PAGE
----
The first of these “new” ideas is that of Jesus as the Shepherd: “that great Shepherd of the sheep.” Whereas the Epistle to the Hebrews is rich in its development of Christological titles—Son of God, High Priest, Mediator, Author of the faith, and so on—it does not otherwise speak of Jesus as Shepherd. Nor does our author otherwise describe Christians as sheep. These images, which are introduced, without elaboration, right at the end, remain thematically separate from the core collection of the book’s Christological and ecclesiological motifs. It is reasonable, therefore, to think of these images as simply borrowed from the early Church’s standard forms of closing benediction. As matters of theme, we would associate them especially with the Gospel of St. John.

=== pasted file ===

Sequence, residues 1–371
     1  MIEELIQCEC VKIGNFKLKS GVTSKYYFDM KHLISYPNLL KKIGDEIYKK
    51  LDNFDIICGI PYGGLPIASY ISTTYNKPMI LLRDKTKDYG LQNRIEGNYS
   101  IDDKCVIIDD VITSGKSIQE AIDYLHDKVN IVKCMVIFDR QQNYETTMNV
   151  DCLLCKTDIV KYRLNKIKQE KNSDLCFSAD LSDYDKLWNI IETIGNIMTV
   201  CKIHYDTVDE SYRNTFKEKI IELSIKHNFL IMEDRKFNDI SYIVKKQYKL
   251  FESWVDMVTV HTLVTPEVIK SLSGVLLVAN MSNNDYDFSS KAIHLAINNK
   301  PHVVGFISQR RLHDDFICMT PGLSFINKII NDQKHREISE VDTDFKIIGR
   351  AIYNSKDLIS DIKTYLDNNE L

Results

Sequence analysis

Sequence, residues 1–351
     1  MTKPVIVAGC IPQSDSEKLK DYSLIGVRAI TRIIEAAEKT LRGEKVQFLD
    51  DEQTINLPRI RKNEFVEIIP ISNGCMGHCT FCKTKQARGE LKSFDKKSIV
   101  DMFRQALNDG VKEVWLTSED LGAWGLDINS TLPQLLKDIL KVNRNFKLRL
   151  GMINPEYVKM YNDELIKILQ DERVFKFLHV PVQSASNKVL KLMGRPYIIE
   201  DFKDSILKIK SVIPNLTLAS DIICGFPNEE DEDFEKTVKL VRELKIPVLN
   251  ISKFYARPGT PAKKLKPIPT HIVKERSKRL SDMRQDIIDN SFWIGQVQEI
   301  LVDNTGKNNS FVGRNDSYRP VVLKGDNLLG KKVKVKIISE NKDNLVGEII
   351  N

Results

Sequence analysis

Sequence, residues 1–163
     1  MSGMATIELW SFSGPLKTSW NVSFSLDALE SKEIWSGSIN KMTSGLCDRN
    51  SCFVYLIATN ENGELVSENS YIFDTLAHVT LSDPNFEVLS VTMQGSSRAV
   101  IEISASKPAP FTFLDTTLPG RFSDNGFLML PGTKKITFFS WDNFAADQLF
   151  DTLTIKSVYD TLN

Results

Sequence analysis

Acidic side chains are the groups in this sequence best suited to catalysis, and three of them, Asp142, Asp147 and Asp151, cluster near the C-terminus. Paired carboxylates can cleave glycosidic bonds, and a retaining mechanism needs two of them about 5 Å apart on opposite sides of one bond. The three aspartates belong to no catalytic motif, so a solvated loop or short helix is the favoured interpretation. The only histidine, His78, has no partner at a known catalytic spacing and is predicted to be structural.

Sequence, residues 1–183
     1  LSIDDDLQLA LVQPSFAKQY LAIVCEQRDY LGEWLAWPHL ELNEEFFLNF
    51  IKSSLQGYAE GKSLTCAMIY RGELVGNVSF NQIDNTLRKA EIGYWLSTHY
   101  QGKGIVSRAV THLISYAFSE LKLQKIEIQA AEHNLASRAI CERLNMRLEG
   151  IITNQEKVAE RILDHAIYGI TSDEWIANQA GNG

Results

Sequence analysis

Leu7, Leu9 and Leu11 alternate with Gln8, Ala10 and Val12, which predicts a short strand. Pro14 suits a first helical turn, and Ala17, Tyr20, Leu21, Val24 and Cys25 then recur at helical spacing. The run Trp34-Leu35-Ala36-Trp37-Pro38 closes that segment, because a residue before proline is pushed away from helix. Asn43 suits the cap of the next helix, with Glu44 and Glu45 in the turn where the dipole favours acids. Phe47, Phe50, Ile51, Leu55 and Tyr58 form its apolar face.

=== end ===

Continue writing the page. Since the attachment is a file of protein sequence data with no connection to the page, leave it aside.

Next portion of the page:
The second “new” idea is the Resurrection: “the God of peace who brought up our Lord Jesus from the dead.” Except for the brief mention of Isaac’s restoration to Abraham in 11:19, Hebrews does not otherwise speak of the Lord’s Resurrection. On the contrary, his Christological and soteriological emphasis is consistently placed on the Lord’s Ascension into heavenly glory. That is to say, the sudden reference to the Resurrection, at the work’s very end, is better explained as coming from a common benediction in use among the early Christians.

Hebrews ends with a common Christian greeting: “Grace with you all. Amen.”

Sunday, February 5